The Paris Climate Accords

October 30, 2017

On December 12, 2015, representatives from 196 countries came together to create a pact to mitigate climate change. The Paris Agreement was historic in uniting almost every country on the planet in an effort to combat climate change. In the end, every country but Syria and Nicaragua signed the pact. This conference serves as a universal declaration that global warming is real and needs to be stopped.


Photo: Markus Spiske on Unsplash  


The main goal of the conference was to limit average global temperature levels to 2 degrees Celsius above pre-industrial levels. The temperature of the planet has already risen 1 degree above pre-industrial levels, causing the Earth to be warmer than it ever has been. However, even if carbon emissions are lowered at the rate demanded by the agreement, the temperature will still rise by more than 2 degrees by the end of the century. Because of this, there are also plans to continue meeting in order to provide updates on the progress, and perhaps add some more drastic steps.


The agreement takes note of “the need for global emissions to peak as soon as possible,” and it establishes the understanding that developed countries will provide developing countries with money to help speed up growth in the energy sector. This will be an amount of at least $100 billion a year. Countries will have estimates of how much money they need in order to change their greenhouse gas emissions, and they will hopefully continue to be committed to the goals formed at the conference.


Reductions are expected to begin in 2020, with more concrete plans for the future being formulated in 2020 as well. It is expected that every five years after that, new money targets will be put forth. The hope is that by the middle of the century, there will be a net of zero emissions.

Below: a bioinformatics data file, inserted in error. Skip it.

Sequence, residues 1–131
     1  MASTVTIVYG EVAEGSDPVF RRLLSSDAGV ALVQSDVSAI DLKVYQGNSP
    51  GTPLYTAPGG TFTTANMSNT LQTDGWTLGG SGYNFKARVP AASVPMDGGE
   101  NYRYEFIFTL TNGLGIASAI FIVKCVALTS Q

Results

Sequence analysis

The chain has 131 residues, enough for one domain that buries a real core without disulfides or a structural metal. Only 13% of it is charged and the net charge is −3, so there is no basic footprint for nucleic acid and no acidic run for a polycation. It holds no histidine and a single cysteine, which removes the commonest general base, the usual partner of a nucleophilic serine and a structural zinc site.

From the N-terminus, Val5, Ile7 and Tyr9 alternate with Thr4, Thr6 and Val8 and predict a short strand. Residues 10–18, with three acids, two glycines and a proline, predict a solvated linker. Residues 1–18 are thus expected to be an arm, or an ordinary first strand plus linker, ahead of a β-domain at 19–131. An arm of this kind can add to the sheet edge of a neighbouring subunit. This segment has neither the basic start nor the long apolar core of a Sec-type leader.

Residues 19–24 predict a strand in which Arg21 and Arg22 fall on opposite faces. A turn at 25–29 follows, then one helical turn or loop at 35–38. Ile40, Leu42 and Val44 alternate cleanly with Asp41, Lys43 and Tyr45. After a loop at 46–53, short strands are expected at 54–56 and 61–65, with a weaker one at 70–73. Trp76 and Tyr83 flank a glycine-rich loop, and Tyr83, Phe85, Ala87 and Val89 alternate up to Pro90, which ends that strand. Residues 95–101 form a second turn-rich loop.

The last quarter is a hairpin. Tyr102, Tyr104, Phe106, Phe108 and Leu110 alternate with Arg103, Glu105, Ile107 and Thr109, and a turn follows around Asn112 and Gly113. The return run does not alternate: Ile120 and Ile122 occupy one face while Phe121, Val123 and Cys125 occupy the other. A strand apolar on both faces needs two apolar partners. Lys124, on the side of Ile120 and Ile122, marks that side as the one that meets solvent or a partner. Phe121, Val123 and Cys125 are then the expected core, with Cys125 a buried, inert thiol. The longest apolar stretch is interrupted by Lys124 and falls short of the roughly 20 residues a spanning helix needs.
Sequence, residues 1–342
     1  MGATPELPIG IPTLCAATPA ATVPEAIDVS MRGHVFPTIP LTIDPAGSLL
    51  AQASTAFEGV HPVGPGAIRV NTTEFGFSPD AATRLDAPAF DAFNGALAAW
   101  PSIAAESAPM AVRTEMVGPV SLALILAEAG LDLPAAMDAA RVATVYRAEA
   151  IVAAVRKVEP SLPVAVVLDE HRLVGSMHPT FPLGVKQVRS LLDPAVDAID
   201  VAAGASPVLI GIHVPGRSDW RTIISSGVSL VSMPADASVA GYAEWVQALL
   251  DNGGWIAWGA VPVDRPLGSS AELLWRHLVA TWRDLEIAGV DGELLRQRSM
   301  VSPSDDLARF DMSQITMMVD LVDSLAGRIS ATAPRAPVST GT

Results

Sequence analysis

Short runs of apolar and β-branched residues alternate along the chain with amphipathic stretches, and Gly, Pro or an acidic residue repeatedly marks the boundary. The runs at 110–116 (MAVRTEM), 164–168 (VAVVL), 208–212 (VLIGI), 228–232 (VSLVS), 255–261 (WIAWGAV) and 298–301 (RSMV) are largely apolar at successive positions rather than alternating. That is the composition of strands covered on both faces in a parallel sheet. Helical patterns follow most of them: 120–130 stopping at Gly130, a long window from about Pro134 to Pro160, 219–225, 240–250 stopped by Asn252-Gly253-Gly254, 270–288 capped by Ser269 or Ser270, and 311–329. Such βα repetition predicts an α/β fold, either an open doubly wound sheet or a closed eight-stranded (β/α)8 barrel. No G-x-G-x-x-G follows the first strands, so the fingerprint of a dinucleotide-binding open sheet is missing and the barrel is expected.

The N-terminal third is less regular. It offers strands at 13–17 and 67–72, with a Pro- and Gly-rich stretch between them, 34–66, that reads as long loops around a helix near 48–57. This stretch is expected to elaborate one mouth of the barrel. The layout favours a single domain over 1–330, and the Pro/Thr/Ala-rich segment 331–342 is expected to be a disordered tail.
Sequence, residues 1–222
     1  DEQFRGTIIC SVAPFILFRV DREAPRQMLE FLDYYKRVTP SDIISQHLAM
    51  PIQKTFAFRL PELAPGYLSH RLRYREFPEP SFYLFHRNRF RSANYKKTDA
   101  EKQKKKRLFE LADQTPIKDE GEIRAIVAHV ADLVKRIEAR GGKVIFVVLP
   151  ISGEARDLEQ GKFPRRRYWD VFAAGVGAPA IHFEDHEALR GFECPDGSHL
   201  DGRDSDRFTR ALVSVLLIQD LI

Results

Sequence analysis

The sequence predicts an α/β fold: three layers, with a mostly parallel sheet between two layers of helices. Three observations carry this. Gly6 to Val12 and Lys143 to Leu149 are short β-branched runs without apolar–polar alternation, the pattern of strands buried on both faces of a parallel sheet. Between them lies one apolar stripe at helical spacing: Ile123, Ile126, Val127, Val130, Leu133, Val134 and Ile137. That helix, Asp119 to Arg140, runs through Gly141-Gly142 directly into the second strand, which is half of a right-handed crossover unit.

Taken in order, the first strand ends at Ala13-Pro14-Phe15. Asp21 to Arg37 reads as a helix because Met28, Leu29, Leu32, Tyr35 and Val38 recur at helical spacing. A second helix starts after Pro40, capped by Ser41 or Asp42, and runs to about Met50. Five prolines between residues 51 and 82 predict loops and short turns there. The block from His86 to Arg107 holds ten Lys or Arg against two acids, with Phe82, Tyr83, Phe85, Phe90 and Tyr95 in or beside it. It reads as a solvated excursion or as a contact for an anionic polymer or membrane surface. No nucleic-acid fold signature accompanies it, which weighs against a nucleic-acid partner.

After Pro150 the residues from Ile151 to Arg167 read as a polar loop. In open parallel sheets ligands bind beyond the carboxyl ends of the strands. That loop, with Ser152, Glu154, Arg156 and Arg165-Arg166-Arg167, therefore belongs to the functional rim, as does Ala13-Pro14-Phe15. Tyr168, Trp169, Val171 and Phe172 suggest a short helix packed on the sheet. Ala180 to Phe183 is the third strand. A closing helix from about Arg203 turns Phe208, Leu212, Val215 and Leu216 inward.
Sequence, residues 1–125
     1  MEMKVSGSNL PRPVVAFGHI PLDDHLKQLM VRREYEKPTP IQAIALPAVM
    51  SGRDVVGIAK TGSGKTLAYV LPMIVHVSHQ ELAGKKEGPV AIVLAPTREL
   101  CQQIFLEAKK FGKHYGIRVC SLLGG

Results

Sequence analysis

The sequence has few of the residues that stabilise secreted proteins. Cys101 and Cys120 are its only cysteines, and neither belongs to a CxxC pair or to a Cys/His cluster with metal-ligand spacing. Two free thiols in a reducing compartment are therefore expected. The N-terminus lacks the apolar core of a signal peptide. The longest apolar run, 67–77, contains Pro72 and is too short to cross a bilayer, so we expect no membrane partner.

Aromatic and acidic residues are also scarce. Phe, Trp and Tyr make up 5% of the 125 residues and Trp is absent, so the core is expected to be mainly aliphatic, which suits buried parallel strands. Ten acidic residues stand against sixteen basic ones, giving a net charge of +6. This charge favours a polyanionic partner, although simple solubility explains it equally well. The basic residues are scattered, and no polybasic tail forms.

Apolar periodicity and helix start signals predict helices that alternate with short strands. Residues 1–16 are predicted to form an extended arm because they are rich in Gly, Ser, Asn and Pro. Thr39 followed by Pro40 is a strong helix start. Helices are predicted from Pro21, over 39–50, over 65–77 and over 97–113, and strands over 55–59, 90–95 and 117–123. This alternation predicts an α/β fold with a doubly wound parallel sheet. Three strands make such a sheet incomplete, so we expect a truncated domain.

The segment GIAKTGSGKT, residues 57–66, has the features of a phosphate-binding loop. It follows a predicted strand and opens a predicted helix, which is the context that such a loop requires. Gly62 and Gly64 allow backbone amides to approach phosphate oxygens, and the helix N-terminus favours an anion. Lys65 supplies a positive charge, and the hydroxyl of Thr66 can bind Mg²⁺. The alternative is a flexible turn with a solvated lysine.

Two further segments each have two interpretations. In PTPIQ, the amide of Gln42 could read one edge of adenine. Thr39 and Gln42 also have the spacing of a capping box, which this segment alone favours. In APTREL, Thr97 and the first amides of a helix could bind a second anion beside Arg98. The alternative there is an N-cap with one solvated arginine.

This historic deal has been in the news lately, following President Trump’s decision to withdraw the United States from the Paris Agreement, an agreement that the Obama administration worked hard on. Nicaragua has recently announced its plan to join the deal, leaving the US and Syria as the only countries choosing not to participate. The US has pledged to cut their greenhouse gas emissions by 2025 to 26%-28% of their emissions in 2005. Because of this agreement, the US will not be completely pulled out of the deal for years. Many American states and cities have vowed to continue to support the agreement, regardless of federal policy.


It is hard to say whether the Paris Agreement will be successful, especially now that one of the greatest emitters of greenhouse gases has dropped out of the pact. However, much of the world remains committed to the fight against climate change.  As of October 5th, 169 parties have ratified the convention.


Hi, my name is Kathryn Kuhar and I am a 19-year-old sophomore at Harvard College studying Government. A fun fact about me is that I’ve lived in Hawaii, California, Belgium, and Turkey.

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